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with him for the space of a day or two. During
which time we may well suppose what feastings,
what rejoicings, what costly shews and enter-
tainments the governor made in Metaline, to
greet the royal father of his dear Marina, whom
in her obscure fortunes he had so respected.
Nor did Pericles frown upon Lysimachus's suit,
when he understood how he had honoured his
child in the days of her low estate, and that
Marina shewed herself not averse to his pro-
posals; only he made it a condition, before he
gave his consent, that they should visit with him
the shrine of the Ephesian Diana : to whose
temple they shortly after all three undertook a
voyage; and, the Goddess herself filling their
sails with prosperous winds, after a few weeks
they arrived in safety at Ephesus. ..

There was standing near the altar of the Goddess, when Pericles with his train entered the temple, the good Cerimon (now grown very aged) who had restored Thaisa, the wife of Pericles, to life; and Thaisa, now a priestess of the temple, was standing before the altar; and though the many years he had passed in sorrow for her loss had much altered Pericles, Thaisa thought

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she knew her husband's features, and when he approached the altar and began to speak, she remembered his voice, and listened to his words with wonder and a joyful amazement. And these were the words that Pericles spoke before the altar: “Hail, Diana! to perform thy just commands, I here confess myself the prince of Tyre, who, frighted from my country, at Pentapolis wedded the fair Thaisa : she died at sea in childbed, but brought forth a maid-child called Marina. She at Tharsus was nursed with Dionysia, who at fourteen years thought to kill her, but her better stars brought her to Metaline, by whose shores as I sailed, her good fortunes brought this rnaid on board, where by her most clear remembrance she made herself known to be my daughter.”

Thaisa, unable to bear the transports which his words had raised in her, cried out, “ You are, you are, O royal Pericles”----and fainted. “What means this woman?” said Pericles : “she diès ; help, gentlemen !” “Sir," said Cerimon, " if you have told Diana's altar true, this is your wife.” “ Reverend gentleman, 'no;" said Pericles: “I threw her overboard with these very

arms." Cerimon then recounted how, early one tempestuous morning, this lady was thrown upon the Ephesian shore; how, opening the coffin, he found therein rich jewels, and a paper ; how, happily, he recovered her, and placed her here in Diana's temple. And now, Thaisa being restored from her swoon, said, “O my lord, are you not Pericles ? Like him you speak, like himn you are. Did you not name a tempest, a birth and death ?” He, astonished, said, “The voice of dead Thaisa !” “ 'That Thaisa am I," she replied, “supposed dead and drowned.” “O true Diana!” exclaimed Pericles, in a passion of devout astonishment. " And now," said Thaisa, " I know you better. Such a ring as I see on your finger did the king my father give you, when we, with tears parted from him at Pentapolis.” “Enough, you Gods!” cried Pea ricles, “ your present kindness makes my past miseries sport. O come, Thaisa, be buried a second time within these arms."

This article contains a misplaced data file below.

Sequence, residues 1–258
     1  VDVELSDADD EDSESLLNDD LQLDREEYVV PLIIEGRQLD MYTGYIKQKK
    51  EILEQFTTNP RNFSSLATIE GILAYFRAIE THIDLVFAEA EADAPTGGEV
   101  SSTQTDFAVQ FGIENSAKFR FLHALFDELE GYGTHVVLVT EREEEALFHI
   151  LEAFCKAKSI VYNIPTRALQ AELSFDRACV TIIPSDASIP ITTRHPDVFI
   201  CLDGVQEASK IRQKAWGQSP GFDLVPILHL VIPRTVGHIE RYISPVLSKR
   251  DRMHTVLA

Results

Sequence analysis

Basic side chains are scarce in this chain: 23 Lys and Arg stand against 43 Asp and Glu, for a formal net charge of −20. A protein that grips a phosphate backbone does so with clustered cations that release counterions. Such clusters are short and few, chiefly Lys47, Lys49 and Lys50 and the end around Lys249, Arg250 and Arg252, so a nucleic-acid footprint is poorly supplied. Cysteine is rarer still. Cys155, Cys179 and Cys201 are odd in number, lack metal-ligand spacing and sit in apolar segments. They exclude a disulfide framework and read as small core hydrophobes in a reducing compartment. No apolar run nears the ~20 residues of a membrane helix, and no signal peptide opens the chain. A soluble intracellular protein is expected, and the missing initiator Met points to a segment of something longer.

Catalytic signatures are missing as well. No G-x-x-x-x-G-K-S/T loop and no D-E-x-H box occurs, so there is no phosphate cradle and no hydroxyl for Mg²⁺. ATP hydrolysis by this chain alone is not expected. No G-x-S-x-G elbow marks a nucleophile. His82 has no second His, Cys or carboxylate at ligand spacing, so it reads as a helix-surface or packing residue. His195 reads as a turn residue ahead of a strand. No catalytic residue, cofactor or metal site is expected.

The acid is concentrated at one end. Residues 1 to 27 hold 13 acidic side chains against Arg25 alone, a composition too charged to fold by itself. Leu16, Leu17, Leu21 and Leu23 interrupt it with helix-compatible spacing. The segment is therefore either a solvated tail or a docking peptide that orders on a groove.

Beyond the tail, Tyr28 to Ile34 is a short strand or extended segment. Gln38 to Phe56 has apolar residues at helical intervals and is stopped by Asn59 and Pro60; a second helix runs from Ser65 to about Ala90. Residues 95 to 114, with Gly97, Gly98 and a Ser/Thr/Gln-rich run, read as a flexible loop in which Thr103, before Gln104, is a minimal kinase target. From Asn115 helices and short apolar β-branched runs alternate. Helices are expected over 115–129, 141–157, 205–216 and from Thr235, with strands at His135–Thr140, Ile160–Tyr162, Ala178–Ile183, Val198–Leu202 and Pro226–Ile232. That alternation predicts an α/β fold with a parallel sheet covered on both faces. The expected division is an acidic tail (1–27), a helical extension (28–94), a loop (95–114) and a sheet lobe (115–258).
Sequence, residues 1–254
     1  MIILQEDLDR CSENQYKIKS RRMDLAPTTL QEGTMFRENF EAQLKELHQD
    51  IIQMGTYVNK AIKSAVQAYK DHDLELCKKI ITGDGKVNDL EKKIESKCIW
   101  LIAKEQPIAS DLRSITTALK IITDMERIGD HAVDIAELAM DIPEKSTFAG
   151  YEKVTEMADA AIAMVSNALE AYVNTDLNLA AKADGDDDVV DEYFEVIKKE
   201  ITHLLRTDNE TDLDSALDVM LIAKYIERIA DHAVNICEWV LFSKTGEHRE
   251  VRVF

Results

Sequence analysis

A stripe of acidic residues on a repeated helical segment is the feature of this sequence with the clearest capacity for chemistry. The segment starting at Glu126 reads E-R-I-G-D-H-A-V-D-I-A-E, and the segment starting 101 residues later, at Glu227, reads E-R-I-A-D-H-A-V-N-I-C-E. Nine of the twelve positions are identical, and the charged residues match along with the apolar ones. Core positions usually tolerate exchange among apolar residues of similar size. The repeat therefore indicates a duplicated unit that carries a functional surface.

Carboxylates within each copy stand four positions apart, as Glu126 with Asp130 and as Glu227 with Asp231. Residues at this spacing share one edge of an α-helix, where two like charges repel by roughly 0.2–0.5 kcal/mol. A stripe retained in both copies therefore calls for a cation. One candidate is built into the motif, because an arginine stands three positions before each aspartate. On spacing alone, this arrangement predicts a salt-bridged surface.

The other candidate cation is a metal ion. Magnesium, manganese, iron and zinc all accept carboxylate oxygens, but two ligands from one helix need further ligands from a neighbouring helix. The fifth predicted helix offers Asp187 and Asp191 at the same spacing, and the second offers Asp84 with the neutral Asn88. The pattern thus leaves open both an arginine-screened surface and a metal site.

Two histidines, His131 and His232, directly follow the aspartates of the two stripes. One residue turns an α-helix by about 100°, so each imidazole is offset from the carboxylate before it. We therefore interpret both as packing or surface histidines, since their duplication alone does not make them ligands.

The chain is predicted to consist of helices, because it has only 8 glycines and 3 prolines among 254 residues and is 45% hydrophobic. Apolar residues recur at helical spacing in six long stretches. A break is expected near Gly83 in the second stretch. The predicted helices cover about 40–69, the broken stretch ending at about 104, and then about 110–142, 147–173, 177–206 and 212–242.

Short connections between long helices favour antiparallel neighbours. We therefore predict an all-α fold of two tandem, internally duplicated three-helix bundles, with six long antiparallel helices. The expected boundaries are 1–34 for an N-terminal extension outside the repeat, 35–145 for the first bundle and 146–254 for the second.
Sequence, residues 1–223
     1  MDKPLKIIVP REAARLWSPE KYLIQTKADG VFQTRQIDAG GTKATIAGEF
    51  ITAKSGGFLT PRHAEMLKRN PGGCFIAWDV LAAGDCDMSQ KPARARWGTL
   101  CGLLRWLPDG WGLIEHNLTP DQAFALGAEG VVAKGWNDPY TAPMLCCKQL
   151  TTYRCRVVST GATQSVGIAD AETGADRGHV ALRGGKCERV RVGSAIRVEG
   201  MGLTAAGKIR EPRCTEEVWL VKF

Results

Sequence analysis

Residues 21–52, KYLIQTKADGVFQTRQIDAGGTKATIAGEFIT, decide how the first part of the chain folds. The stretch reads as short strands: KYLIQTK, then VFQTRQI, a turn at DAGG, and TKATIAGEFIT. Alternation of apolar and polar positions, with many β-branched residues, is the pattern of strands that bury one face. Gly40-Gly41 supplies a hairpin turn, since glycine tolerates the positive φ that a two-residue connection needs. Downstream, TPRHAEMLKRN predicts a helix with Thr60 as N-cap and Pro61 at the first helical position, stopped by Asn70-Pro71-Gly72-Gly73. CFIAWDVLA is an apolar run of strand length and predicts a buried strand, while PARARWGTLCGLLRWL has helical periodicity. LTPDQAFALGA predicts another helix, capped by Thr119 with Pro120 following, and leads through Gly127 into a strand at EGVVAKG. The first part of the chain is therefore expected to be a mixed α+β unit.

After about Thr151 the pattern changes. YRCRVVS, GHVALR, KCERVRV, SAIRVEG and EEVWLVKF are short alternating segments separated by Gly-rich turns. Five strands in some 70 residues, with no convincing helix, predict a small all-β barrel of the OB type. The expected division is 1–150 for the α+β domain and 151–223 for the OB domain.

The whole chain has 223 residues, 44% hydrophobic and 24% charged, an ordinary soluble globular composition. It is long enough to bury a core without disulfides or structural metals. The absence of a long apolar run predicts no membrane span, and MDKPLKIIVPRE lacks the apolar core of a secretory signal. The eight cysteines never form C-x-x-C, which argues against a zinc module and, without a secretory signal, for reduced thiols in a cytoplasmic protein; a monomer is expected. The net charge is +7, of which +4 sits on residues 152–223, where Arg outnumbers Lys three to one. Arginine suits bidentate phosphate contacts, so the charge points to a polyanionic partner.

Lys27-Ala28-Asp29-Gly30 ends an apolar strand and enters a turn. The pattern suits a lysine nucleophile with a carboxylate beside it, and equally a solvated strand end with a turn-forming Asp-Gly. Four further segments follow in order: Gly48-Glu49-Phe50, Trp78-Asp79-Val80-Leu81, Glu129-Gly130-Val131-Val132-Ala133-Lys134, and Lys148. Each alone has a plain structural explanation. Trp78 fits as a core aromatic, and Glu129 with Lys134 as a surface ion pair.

And Marina said, “My heart leaps to be gone into my mother's bɔsom.” Then did Pericles shew his daughter to her mother, saying, “ Look who kneels here, flesh of thy flesh, thy burthen

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at sea, and called Marina, because she was yielded there.” “Blest and my own!” said Thaisa : and while she hung in rapturous joy over her child, Pericles knelt before the altar, saying, “Pure Diana, bless thee for thy vision, For this, I will offer oblatione nightly to thee.” And then and there did Pericles, with the corsent of Thaisa, solemnly affiance their daughter, the virtuous Marina, to the well-deserving Lysimachus in marriage.

Thus have we seen in Pericles, his queen, and daughter, a famous example of virtue assailed by calamity (through the sufferance of Heaven, to teach patience and constancy to men), under the same guidance becoming finally successful, and triumphing over chance and change. In Hellicanus we lrave beheld a notable pattern of truth, of faith, and loyalty, who, when he might have succeeded to a throne, chose rather to recall the rightful owner to his possession, than to become great by another's wrong. In the worthy Cerimon, who restored Thaisa to life, we are instructed how goodness directed by knowledge, in bestowing benefits upon mankind, approaches to the nature of the Gods.

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It only remains to be told, that Dionysia, the wicked wife of Cleon, met with an end proportionable to her deserts; the inhabitants of Tharsus, when her cruel attempt upon Marina was known, rising in a body to revenge the daughter of their benefactor, and setting fire to the palace of Cleon, burnt both him and her, and their whole household: the Gods seeming well pleased, that so foul à m:ırder, though but intentional, and never carried into act, should be punished in a way befitting its enormity.

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